Sat, Jul 06, 2019 - Page 1 News List

Ministry mulls adding strike handling to airline audits

By Cheng Wei-chi, Wei Chin-yun and Jake Chung  /  Staff reporters, with staff writer

A member of the Taoyuan Flight Attendants’ Union holds a placard that reads: “16th day of EVA Airways flight attendant strike” during a march from the airline’s headquarters in Taoyuan’s Nankan to the Presidential Office Building in Taipei yesterday.

Photo: CNA

As a prolonged strike by flight attendants is affecting the rights of the public, the Ministry of Transportation and Communications is mulling whether to include the ability to handle high-risk labor action as part of annual reviews of the flight routes and aviation rights of airlines, Minister of Transportation and Communications Lin Chia-lung (林佳龍) said yesterday.

Lin’s remark came as the strike by the Taoyuan Flight Attendants’ Union against EVA Airways (長榮航空) entered its 16th day.

He called on the union and company to reach a resolution as soon as possible and conclude the strike.

The longer the strike drags on, the more the union and the company would suffer, he said.

Regarding the possible reviews, Lin said that it was a reminder to EVA that the strike is not just an internal dispute, as it has spilled over to affect public interests.

He said that the Civil Aeronautics Administration would review the aviation rights of EVA and China Airlines (中華航空), which was affected by a strike earlier this year.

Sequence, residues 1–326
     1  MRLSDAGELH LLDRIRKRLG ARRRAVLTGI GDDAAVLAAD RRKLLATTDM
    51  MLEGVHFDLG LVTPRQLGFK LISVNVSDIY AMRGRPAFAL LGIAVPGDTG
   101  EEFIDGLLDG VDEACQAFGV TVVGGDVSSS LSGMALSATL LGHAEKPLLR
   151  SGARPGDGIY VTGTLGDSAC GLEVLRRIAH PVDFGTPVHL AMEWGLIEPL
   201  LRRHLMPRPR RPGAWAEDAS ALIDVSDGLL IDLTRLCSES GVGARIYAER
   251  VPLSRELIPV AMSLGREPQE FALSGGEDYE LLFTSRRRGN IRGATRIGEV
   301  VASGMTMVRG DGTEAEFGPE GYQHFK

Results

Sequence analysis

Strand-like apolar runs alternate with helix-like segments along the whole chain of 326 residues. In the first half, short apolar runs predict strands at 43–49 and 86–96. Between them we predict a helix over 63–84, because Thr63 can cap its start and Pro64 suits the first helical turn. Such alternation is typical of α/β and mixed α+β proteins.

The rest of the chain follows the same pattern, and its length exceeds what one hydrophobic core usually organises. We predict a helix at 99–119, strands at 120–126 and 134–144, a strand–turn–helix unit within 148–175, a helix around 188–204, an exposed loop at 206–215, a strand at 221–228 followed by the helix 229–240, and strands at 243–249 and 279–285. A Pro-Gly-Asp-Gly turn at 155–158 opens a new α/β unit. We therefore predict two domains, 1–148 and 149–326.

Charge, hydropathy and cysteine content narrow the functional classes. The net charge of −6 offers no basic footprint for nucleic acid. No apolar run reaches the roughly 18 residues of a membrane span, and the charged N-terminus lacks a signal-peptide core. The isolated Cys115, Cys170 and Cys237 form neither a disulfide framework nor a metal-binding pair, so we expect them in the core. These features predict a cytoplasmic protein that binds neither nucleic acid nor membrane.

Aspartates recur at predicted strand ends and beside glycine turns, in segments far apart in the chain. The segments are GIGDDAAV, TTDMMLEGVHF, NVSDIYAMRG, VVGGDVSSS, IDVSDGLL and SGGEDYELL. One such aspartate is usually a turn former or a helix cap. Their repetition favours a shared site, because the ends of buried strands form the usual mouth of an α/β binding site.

Separately yesterday, the union gathered 50 flight attendants and their families to walk from EVA’s headquarters in Taoyuan’s Nankan (南崁) to the Presidential Office Building in Taipei, shouting: “Flight attendants are walking in protest of EVA’s oppression.”

The group carried cardboard signs that read: “Protesting oppression. Fighting for dignity.”

They also carried a figure of a red crab, which signified the airline.

In Chinese, the phrase heng xing (橫行, “to walk sideways”) also carries the connotation of being domineering; the crab, which walks sideways, is used as a symbol of oppressing entities.

The strike was no longer about the dispute between the employees and the company, but rather the broader issues of whether labor rights in Taiwan could be upheld and whether Taiwanese employees can legally protest against companies, union representative Lin Yu-chia (林昱嘉) said.

The group aimed to tell President Tsai Ing-wen (蔡英文) through their actions that they, female workers, have also made great efforts to advance labor rights, she said.

That march is a statement that the employees want to defend their labor rights and that they want the right to freely voice such opinions guaranteed, she added.

Tsai later said that she hoped both sides would resume negotiations in a rational manner, adding that the company should communicate with its employees how much it cares for them.

Additional reporting by Chou Min-hung

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